We originally posted this in 2013, and we want to share it again because the cold and flu season of 2015 is proving to be a challenge. While some of the viruses spreading this season have mutated since production of the vaccine, people who have been vaccinated will still have some protection, as well as a reduction of severe symptoms. At highest risk for illness are people with compromised immune systems. Pregnant women, those 65 years and older, and people who suffer from asthma, diabetes, heart disease or who live in long-term care facilities need to be particularly attentive about their general health.
The flu and cold season generally arrives in sync with winter, as people spend the majority of their time indoors. Getting a flu shot, washing your hands often, and avoiding those who are sick can help reduce the risk of illness, and while most people are aware of these common sense precautions, one of the most overlooked preventative measures is the practice of good oral health.
It is widely known that healthy teeth and gums can prevent gum disease, but it is also a fact that good oral hygiene can help prevent other types of systemic diseases. Chronic gum inflammation (periodontitis) makes the mouth a portal through which bacteria can enter the bloodstream. A recent study by the Yale University School of Medicine discovered a link between oral hygiene and bacterial pneumonia. Pneumonia is a lung infection that often occurs after an individual’s immune system has been compromised by a cold or flu. The researchers found that poor oral hygiene is a common contributing risk factor for contracting pneumonia. In fact, the risk of infection for those with severe gum problems is doubled1 according to the Yale study.
Simple toothbrush tips help fight infection
Toothbrushes can harbor harmful bacteria. According to the Centers for Disease Control (CDC), “Even after being rinsed visibly clean, toothbrushes can remain contaminated with potentially pathogenic organisms.” Because of this, the American Dental Association recommends replacing them at least every 3-4 months2. It is recommended that a toothbrush used during an illness be discarded to avoid reinfection. Even though reinfection in this manner is more common with bacterial infections such as strep throat, it is possible in weakened immune systems for a flu strain to come back3. Here are a few infection fighting toothbrush tips to help prevent a cold or flu this winter season:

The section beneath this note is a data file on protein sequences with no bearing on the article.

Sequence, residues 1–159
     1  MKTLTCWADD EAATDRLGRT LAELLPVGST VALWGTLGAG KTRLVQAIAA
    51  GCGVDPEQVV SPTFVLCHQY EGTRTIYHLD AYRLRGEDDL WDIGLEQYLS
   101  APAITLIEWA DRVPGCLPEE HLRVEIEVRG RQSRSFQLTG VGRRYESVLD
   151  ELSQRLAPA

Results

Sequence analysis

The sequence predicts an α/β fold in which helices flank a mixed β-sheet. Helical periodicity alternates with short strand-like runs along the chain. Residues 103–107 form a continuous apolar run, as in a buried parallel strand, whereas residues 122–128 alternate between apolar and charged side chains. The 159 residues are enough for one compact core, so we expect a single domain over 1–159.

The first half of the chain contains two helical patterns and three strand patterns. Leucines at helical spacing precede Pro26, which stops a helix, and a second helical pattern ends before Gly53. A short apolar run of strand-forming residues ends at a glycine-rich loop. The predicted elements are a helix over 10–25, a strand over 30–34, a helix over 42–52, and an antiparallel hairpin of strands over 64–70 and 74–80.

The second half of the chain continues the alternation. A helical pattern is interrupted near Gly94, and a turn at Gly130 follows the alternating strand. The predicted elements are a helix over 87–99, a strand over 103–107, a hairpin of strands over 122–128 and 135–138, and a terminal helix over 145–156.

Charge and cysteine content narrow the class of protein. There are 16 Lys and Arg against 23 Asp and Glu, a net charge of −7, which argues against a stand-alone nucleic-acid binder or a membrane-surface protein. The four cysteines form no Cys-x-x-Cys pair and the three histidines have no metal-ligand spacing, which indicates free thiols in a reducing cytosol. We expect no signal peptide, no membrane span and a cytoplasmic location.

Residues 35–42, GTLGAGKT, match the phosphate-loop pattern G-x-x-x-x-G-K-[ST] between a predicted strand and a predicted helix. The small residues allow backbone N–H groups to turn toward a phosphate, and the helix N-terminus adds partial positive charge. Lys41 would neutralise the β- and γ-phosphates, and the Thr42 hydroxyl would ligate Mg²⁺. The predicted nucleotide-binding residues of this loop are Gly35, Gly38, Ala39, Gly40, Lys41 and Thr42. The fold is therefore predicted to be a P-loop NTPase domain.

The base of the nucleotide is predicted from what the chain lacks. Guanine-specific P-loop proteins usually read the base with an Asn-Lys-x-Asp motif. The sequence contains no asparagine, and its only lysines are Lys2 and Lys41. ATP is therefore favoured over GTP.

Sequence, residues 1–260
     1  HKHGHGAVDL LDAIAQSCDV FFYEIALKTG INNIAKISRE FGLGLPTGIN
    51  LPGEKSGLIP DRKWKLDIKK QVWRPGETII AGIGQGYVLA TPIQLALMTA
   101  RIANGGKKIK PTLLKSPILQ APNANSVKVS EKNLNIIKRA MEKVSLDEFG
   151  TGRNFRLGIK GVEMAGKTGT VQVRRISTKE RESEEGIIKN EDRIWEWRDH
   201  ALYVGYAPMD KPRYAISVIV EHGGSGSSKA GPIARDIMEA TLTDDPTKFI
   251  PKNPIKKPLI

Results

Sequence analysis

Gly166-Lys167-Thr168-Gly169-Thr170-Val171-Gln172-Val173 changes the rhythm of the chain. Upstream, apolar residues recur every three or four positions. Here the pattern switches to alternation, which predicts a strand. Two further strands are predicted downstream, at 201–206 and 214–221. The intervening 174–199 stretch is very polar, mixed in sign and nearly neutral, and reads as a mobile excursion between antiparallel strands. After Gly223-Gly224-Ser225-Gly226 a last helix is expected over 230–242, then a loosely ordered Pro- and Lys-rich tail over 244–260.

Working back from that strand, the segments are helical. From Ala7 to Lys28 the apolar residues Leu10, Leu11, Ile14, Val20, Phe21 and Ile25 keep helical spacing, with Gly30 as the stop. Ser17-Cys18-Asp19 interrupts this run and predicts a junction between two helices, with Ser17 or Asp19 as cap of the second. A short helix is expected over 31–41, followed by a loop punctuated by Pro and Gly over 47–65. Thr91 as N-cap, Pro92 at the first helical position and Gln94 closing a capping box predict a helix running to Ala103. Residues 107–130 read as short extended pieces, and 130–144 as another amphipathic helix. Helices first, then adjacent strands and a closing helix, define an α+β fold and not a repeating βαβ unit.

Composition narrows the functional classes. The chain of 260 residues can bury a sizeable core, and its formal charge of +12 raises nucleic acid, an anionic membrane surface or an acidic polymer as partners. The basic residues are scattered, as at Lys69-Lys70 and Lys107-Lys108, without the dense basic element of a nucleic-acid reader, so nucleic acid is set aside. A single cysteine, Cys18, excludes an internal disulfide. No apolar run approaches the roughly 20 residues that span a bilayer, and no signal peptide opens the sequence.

- Thoroughly rinse the toothbrush after brushing, and allow to air dry in an upright position.
- Wash your hands before and after brushing or flossing to avoid bacteria from entering your mouth.
- Never share toothbrushes with anyone.
- Keep all household members’ toothbrushes separate from one another to prevent cross contamination and the spreading of germs.
Sterilize your toothbrush once a week by placing it in a few inches of water in a microwave-safe container and heating it for 2-3 minutes.
Help prevent disease with natural oral care products
Reducing the risk for getting the flu this season is as easy as following simple preventative measures and choosing oral care products from Dental Herb Company. Used and trusted by thousands of dentists since 1996, the Truly Natural® Tooth & Gums System is comprised of four unique products: Tooth & Gums Paste®, Tooth & Gums Tonic®, Under the Gums Irrigant®, and Tooth & Gums Spritz®. Each professional strength product is made with a precise combination of all-natural ingredients including powerful essential oils and herbal extracts that work together to help reduce oral bacteria and create a barrier from infection, soothe inflamed and bleeding gums and freshen breath. Dental Herb Company products are available for purchase online so go ahead and help prevent flus and colds this year by giving your mouth the high quality germ-fighting protection it needs. A gargle a day, may keep the doctor away!
- Salhut, Mohammad. “Link Found between Pneumonia and Oral Hygiene.”Yaledailynews.com. Yale Daily News, 25 Jan. 2012. Web. <http://yaledailynews.com/blog/2012/01/25/link-found-between-pneumonia-and-oral-hygiene/>.
- “Statement on Toothbrush Care: Cleaning, Storage and Replacement.” Ada.org. American Dental Association, Nov. 2011. Web. <http://www.ada.org/1887.aspx>.
- Brooks, Ella. “Can Your Toothbrush Make You Sick?” EverydayFamily.com. Everyday Family, n.d. Web. <http://www.everydayfamily.com/can-your-toothbrush-make-you-sick/>.